AI Designs Quantum Physics Beyond What Any Human Has Conceived

Quantum physicist Mario Krenn remembers sitting in a café in Vienna in early 2016, poring over computer printouts, trying to make sense of what MELVIN had found. MELVIN was a machine-learning algorithm Krenn had built, a kind of artificial intelligence. Its job was to mix and match the building blocks of standard quantum experiments and find solutions to new problems. And it did find many interesting ones. But there was one that made no sense.

The first thing I thought was, ‘My program has a bug, because the solution cannot exist,’” Krenn says. MELVIN had seemingly solved the problem of creating highly complex entangled states involving multiple photons (entangled states being those that once made Albert Einstein invoke the specter of “spooky action at a distance”). Krenn, Anton Zeilinger of the University of Vienna and their colleagues had not explicitly provided MELVIN the rules needed to generate such complex states, yet it had found a way. Eventually, he realized that the algorithm had rediscovered a type of experimental arrangement that had been devised in the early 1990s. But those experiments had been much simpler. MELVIN had cracked a far more complex puzzle.

When we understood what was going on, we were immediately able to generalize [the solution],” says Krenn, who is now at the University of Toronto. Since then, other teams have started performing the experiments identified by MELVIN, allowing them to test the conceptual underpinnings of quantum mechanics in new ways. Meanwhile Krenn, working with colleagues in Toronto, has refined their machine-learning algorithms. Their latest effort, an AI called THESEUS, has upped the ante: it is orders of magnitude faster than MELVIN, and humans can readily parse its output. While it would take Krenn and his colleagues days or even weeks to understand MELVIN’s meanderings, they can almost immediately figure out what THESEUS is saying.
It is amazing work,” says theoretical quantum physicist Renato Renner of the Institute for Theoretical Physics at the Swiss Federal Institute of Technology Zurich, who reviewed a 2020 study about THESEUS but was not directly involved in these efforts.


AI Detects Alzheimer’s Six Years In Advance

Using a common type of brain scan, researchers programmed a machine-learning algorithm to diagnose early-stage Alzheimer’s disease about six years before a clinical diagnosis is made – potentially giving doctors a chance to intervene with treatment. No cure exists for Alzheimer’s disease, but promising drugs have emerged in recent years that can help stem the condition’s progression. However, these treatments must be administered early in the course of the disease in order to do any good. This race against the clock has inspired scientists to search for ways to diagnose the condition earlier.

A PET scan of the brain of a person with Alzheimer’s disease

One of the difficulties with Alzheimer’s disease is that by the time all the clinical symptoms manifest and we can make a definitive diagnosis, too many neurons have died, making it essentially irreversible,” says Jae Ho Sohn, MD, MS, a resident in the Department of Radiology and Biomedical Imaging at UC San Francisco.


Positron emission tomography (PET) scans, which measure the levels of specific molecules, like glucose, in the brain, have been investigated as one tool to help diagnose Alzheimer’s disease before the symptoms become severe. Glucose is the primary source of fuel for brain cells, and the more active a cell is, the more glucose it uses. As brain cells become diseased and die, they use less and, eventually, no glucose.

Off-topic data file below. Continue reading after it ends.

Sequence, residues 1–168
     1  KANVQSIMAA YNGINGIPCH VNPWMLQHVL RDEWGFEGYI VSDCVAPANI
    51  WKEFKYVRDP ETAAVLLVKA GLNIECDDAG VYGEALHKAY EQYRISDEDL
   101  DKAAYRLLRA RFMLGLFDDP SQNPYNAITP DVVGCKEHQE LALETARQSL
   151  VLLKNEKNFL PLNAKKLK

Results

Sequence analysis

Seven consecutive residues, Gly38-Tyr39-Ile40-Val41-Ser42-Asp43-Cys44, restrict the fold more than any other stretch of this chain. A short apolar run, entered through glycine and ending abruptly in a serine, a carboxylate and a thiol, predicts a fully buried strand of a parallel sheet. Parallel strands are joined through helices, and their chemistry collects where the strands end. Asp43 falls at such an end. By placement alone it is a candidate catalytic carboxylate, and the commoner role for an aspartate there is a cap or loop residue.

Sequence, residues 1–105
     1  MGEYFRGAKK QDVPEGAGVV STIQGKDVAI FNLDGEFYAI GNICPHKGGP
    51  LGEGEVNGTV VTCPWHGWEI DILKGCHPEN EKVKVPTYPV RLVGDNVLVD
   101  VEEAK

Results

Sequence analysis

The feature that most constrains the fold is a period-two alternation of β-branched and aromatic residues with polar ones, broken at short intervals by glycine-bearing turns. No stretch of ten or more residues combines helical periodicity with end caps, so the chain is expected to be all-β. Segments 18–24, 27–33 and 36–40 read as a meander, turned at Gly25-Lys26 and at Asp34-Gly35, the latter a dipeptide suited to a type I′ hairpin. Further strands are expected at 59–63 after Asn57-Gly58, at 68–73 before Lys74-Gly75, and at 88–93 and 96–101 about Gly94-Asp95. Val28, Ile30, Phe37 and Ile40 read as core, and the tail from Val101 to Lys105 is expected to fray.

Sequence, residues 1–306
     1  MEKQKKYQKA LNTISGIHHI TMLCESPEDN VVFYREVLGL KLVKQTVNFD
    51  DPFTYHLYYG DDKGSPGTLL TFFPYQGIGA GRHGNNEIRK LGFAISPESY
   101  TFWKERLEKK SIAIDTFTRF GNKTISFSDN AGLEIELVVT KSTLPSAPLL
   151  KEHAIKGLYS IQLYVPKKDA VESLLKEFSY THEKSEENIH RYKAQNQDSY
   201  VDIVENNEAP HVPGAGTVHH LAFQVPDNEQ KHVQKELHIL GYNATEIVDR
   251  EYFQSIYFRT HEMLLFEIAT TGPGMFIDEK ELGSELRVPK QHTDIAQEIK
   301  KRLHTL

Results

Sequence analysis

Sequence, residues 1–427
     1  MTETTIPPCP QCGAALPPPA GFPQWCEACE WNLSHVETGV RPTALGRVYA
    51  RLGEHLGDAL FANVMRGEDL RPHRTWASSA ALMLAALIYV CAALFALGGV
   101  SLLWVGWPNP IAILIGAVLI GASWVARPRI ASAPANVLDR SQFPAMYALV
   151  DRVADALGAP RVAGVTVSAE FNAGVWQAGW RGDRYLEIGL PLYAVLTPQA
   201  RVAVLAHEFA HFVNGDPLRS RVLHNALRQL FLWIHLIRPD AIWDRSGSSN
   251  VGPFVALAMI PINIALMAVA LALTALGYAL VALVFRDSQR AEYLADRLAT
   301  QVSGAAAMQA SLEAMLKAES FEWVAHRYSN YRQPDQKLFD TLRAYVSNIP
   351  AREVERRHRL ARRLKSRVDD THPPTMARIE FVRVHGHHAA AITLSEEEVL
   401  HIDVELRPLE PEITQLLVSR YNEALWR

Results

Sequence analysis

Other types of PET scans look for proteins specifically related to Alzheimer’s disease, but glucose PET scans are much more common and cheaper, especially in smaller health care facilities and developing countries, because they’re also used for cancer staging.

Radiologists have used these scans to try to detect Alzheimer’s by looking for reduced glucose levels across the brain, especially in the frontal and parietal lobes of the brain. However, because the disease is a slow progressive disorder, the changes in glucose are very subtle and so difficult to spot with the naked eye. To solve this problem, Sohn applied a machine learning algorithm to PET scans to help diagnose early-stage Alzheimer’s disease more reliably.

This is an ideal application of deep learning because it is particularly strong at finding very subtle but diffuse processes. Human radiologists are really strong at identifying tiny focal finding like a brain tumor, but we struggle at detecting more slow, global changes,” says Sohn. “Given the strength of deep learning in this type of application, especially compared to humans, it seemed like a natural application.

To train the algorithm, Sohn fed it images from the Alzheimer’s Disease Neuroimaging Initiative (ADNI), a massive public dataset of PET scans from patients who were eventually diagnosed with either Alzheimer’s disease, mild cognitive impairment or no disorder. Eventually, the algorithm began to learn on its own which features are important for predicting the diagnosis of Alzheimer’s disease and which are not.

Once the algorithm was trained on 1,921 scans, the scientists tested it on two novel datasets to evaluate its performance. The first were 188 images that came from the same ADNI database but had not been presented to the algorithm yet. The second was an entirely novel set of scans from 40 patients who had presented to the UCSF Memory and Aging Center with possible cognitive impairment.

The algorithm performed with flying colors. It correctly identified 92 percent of patients who developed Alzheimer’s disease in the first test set and 98 percent in the second test set. What’s more, it made these correct predictions on average 75.8 months – a little more than six yearsbefore the patient received their final diagnosis.